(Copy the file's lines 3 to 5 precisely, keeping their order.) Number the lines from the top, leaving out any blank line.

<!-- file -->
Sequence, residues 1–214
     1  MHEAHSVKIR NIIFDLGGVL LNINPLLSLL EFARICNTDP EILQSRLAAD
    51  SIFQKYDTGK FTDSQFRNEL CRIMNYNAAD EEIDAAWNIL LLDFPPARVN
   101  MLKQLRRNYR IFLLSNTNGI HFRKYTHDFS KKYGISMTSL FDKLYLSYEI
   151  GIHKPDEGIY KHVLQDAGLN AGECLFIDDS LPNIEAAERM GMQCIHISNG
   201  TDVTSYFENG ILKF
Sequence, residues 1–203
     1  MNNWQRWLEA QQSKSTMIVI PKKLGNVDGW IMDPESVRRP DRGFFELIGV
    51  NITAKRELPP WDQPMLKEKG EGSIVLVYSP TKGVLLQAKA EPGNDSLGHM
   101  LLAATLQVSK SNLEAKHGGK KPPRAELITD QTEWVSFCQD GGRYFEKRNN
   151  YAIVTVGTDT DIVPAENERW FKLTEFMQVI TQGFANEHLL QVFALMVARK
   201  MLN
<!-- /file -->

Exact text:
    51  SIFQKYDTGK FTDSQFRNEL CRIMNYNAAD EEIDAAWNIL LLDFPPARVN
   101  MLKQLRRNYR IFLLSNTNGI HFRKYTHDFS KKYGISMTSL FDKLYLSYEI
   151  GIHKPDEGIY KHVLQDAGLN AGECLFIDDS LPNIEAAERM GMQCIHISNG